And if the answer is no, then please consider using the File Protection Complete Class.
There is a small wrinkle when you do that, of course, when the device is locked and your App gets woken up by multi-tasking, you can't actually write to your database because it's unreadable and unwritable.
And as I said, there are some variations to this theme but in general you will be woken up and then you'll discover that you can't write to the files that you need to write.
So, at this time, consider what your options are.
First of all, you can always write down the fact or write to disk the fact that there is an update and the next time the user launches the app in UI foreground, device is unlocked, go fetch the update.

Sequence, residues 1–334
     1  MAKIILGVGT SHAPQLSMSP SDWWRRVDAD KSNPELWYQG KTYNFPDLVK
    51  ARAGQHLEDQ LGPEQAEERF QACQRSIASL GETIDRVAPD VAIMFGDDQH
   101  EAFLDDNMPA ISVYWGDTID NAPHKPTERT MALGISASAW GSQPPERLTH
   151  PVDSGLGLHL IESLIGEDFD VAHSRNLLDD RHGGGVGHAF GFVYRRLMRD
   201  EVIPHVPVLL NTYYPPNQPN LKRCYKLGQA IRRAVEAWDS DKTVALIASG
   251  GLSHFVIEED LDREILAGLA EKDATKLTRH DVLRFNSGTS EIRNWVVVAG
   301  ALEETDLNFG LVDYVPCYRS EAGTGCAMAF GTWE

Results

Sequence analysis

Or you can create a side buffer file of maybe the second protection class, you know, complete until first user authentication to buffer your data.
And then, write that over to the protected data base when your App goes to foreground.
But of course, the question you ask there is, should I be doing that with this data?
And if the answer is no, then just write the fact that you are that you need to do an update when the app comes back to foreground and do it when the app starts back up.
The keychain has an additional attribute that you can place on the data security of each item.
You can assign an app a data security attribute per keychain item by the way, the same classes that you have up there with an additional feature in there.
If you'll notice, the attribute here says accessible after first unlock this device only in the end.
This helps you to secure credentials, private keys, passwords or whatever from getting backed up off the device and restored to another device.
Right? The fact that your keychain items are backed up and restored as a great convenience for end-users because you don't have to log in again.